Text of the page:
Most tutorials I've seen will instruct you to create a new image and give you some dimensions. I don't think I've seen one that explains what the various settings in the New Image box mean.
Corel's help file on the subject is here. Like most of their help documents, it's useful, but it may be a little opaque for a beginner. Here's a simpler version in plain english.
To create a new document go to File>New.
This window appears:
The Presets area has a dropdown menu that contains some common settings you'll find used a lot in both graphics and print media.
I'm not sure but I think I imported presets from PSP 8 over into PSP X5 because there were some useful ones that X5 didn't have anymore, so yours may be different.
To access the dropdown, you click that triangle at the end of where it says Presets.
To save a new preset, you can click the save icon that appears on the side of the dropdown.
*Note: This is a little different in the older Jasc versions of the program like PSP 8. There, the save icon is located right after the word "presets."
Underneath the save icon, you have an arrow icon that looks like an "undo" symbol. This will revert the settings in the dialog to the default program settings.
Next, there is a resource manager icon. This is what you use if you want to rename, copy, or delete a preset. It replaces the old "delete" icon from earlier versions.
And finally there is the "file locations" icon. That's what tells PSP where to look for your presets and saved files. (You can find a quick tip on file locations here.)
The Image Dimensions Area is where you'll choose the size and shape of your canvas.
Height and Width can be changed either by typing values in the boxes or by clicking the arrows and sliders.
The units box is where you'll decide whether you want to measure your project in pixels, inches or centimeters. The dropdown menu can be accessed by clicking on the arrow, just like the presets button.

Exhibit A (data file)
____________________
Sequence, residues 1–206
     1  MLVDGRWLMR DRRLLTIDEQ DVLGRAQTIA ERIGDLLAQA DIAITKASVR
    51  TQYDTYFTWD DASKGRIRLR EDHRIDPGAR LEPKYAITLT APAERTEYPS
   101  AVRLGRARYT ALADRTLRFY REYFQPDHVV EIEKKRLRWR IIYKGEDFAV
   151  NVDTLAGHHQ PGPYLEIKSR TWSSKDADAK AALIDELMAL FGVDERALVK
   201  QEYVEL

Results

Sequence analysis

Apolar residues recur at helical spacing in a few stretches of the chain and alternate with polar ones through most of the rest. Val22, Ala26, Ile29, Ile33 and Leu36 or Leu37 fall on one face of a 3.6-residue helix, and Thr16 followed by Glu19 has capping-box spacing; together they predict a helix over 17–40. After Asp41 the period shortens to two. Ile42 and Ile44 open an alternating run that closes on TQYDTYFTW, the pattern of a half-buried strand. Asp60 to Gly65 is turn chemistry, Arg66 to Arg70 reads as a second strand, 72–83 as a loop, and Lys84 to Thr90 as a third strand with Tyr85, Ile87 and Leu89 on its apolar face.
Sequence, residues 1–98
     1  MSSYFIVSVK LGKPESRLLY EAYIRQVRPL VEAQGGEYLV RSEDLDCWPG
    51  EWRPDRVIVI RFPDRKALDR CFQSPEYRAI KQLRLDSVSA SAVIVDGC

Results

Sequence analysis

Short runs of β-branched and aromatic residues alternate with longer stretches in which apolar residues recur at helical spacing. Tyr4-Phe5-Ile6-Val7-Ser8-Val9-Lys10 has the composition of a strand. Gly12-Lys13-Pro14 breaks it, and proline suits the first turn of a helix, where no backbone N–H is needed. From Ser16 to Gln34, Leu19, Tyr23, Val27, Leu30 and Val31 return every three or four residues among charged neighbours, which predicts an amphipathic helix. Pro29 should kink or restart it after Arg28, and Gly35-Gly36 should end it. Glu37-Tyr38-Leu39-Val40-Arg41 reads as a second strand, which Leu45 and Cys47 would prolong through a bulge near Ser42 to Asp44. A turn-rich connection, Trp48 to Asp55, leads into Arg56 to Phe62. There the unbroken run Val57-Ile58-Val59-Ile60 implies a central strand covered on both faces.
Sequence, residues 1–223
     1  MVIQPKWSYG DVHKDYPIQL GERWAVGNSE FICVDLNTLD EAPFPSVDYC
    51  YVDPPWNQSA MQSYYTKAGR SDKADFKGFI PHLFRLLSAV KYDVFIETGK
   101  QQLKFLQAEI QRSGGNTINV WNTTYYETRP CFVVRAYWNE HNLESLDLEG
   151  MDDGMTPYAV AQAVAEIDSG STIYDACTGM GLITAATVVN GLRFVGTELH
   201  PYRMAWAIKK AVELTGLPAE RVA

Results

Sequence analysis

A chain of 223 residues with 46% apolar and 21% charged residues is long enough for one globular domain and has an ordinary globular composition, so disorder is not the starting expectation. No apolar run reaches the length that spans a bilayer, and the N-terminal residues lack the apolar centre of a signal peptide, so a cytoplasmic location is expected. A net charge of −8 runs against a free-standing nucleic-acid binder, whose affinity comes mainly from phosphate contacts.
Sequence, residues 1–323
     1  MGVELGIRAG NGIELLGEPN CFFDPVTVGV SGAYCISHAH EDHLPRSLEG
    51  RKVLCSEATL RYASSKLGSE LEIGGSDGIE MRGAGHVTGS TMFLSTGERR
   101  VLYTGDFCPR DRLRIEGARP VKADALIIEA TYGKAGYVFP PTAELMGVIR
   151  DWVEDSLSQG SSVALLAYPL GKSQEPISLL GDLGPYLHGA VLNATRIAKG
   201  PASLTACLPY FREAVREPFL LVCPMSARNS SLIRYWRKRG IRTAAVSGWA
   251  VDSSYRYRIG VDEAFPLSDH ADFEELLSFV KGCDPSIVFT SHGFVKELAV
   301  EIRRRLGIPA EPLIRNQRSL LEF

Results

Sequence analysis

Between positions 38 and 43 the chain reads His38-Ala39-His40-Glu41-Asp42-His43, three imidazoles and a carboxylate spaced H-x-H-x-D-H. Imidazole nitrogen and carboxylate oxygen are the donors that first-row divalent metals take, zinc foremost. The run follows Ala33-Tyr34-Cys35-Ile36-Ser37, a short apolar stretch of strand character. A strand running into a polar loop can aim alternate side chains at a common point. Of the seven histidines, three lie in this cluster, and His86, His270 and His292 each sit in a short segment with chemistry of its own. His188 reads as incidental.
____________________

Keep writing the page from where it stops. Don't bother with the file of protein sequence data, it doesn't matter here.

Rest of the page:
The canvas will be the same no matter which units of measure you're using; it's mainly a matter of preference or whether you're working for print or the web.
Resolution refers to how many pixels will be used to fill in each unit (either inches or centimeters) on the canvas. The higher the number in the box, the more detail your image will have when it's printed. (Most computer monitors have a standard resolution of 72 ppi, so a higher resolution image will look the same on your computer screen, but you may notice a difference when you print. Lower resolution images need to be printed smaller in order for the detail to stay clean.) Change the resolution either by typing a number in the box or using the sliders.
The Image Characteristics Area is where you decide what kind of background you want your project to have and set some other traits that will affect the quality of your printed image. This area also gives you some information about the document you're creating.
There are three background types you can choose from.
Raster backgrounds are the main type you'll probably be using. They're a standard feature you'll find in most image programs.
Vector backgrounds are used when you'll be working exclusively with the pen tool, preset shapes, and curves. Although they're somewhat harder to work with, vector graphics can be resized without losing quality and are often used for illustration and other print projects.
Art Media backgrounds are for use with the art brush. The art brush simulates various traditional painting styles and methods, depending on what settings you choose.
Color depth refers to the number of colors that each pixel in your image can display. Fewer colors mean a smaller file size but lower image quality, among other things. You change it by clicking the button for a drop down menu.
If you want a more detailed, explanation, Corel's help file is here.
Color is simply the background color of the image. I usually work on a transparent background so that I can add and delete layers without having a background interfere. You can always add a color layer if you want a background later.
Memory Required is pretty self explanatory. It refers to the amount of computer memory that your project will use when it opens.
And that covers the entire menu. I hope this helped you. Keep an eye on the blog for more quicktips in the future!